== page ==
At the launch of her eighth book in the series – A leaders’ guide to Baptism, Confirmation, Eucharist and Reconciliation – Kathy said when she began the series nearly 10 years ago, she deliberately chose a title that reflected her view that “becoming Catholic” happened over time.
As a teacher in the post-Vatican II era, she was also very conscious of the need to see parents as the primary and ongoing educators in the faith of their children.
Through engaging with parents and children in the sacrament preparation program, she had cause to reflect on her own family and what it meant to continue to grow into her Catholic faith.
“Family is a place where we feel at home, where we are loved and nurtured, where we forge relationships and we pick up the values of our parents,” she said.
“In our family, which was an ordinary family, we learnt the values of being engaged in our Church, in growing together as family, sharing the highs, the lows, the griefs, the anxieties, the joys and the hopes.”
With a large number of her family in the audience at the launch, Kathy dedicated the series to “our parents”.
“They worked long and hard to give us a wonderful environment where we just experienced Church, community, faith and family, but they also gave us the capacity to use what they provided for us through a Catholic education,” she said.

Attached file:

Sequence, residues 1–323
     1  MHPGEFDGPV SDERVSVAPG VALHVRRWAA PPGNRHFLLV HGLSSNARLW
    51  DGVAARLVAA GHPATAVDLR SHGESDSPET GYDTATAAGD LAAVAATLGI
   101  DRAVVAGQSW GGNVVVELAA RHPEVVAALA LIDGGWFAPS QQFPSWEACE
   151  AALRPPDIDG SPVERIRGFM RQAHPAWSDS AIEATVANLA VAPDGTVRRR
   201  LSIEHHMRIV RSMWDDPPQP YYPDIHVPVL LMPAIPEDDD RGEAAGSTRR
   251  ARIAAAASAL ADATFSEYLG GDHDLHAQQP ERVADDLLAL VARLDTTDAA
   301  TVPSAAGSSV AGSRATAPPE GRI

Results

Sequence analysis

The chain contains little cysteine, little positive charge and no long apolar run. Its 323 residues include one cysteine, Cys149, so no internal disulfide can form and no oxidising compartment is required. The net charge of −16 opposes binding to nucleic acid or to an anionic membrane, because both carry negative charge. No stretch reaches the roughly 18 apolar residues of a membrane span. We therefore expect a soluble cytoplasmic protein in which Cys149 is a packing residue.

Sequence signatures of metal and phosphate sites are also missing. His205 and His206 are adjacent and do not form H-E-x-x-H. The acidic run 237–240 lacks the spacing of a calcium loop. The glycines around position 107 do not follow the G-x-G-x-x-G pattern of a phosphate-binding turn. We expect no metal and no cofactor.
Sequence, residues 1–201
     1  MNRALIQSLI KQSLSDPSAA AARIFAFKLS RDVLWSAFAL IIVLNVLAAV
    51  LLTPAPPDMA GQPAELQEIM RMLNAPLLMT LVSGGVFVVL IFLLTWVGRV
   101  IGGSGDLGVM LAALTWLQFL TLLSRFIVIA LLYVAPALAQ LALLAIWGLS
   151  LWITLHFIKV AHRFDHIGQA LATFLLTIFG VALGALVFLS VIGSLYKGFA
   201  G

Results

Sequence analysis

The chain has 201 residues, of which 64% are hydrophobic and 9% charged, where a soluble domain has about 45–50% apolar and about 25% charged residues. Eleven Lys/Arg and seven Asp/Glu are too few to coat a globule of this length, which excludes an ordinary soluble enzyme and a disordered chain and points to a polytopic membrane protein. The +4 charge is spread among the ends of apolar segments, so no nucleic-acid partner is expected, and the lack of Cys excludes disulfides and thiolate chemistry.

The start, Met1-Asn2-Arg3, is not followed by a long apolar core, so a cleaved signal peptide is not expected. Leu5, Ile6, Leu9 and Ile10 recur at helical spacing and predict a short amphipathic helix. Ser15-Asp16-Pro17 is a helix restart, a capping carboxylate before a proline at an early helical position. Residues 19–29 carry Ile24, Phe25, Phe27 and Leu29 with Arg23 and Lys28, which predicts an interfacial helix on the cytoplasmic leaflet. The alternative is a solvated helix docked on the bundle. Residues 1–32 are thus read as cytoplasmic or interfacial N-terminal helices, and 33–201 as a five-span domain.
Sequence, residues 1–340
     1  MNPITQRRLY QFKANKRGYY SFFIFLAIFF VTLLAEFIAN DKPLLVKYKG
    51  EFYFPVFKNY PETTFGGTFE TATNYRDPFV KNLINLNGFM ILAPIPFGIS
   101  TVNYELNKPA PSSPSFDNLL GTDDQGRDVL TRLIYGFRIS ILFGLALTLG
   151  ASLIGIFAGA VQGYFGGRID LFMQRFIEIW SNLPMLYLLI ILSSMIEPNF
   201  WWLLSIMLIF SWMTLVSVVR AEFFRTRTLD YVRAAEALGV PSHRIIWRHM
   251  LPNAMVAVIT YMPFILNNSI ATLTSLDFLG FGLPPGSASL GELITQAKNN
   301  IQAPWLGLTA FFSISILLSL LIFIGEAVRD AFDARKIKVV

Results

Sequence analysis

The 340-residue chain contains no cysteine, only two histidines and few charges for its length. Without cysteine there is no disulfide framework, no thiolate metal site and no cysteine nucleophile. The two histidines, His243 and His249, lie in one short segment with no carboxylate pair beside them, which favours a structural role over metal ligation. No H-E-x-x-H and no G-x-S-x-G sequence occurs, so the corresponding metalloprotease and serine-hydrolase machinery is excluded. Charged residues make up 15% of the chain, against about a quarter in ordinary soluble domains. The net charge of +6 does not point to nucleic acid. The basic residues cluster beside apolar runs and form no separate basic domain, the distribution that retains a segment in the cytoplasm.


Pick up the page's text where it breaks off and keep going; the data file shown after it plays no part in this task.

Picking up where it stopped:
“They did their best to provide us with opportunities and we’ve now run with that in different ways in our lives.”
Kathy said she also learnt about the importance of family and working together in her parish life and through the Dominican Sisters who educated her. From them she learned the importance of being able to reflect on her faith and to share her reflections with others. She paid tribute to the Missionaries of the Sacred Heart at Flinders Park-Hindmarsh parish with whom she has had the privilege to work in partnership over the past ten years and she spoke also of the deep love of Church of the diocesan priests she had worked alongside in parishes.
Kathy said the Leaders’ guide was directed towards teachers in Catholic schools, parish catechists, parents and pastoral associates, all of whom played a significant role in the religious education and sacrament preparation of young people.
It drew heavily from the Scriptures, retelling stories in a way that is relevant to children and often appealing to adults as well.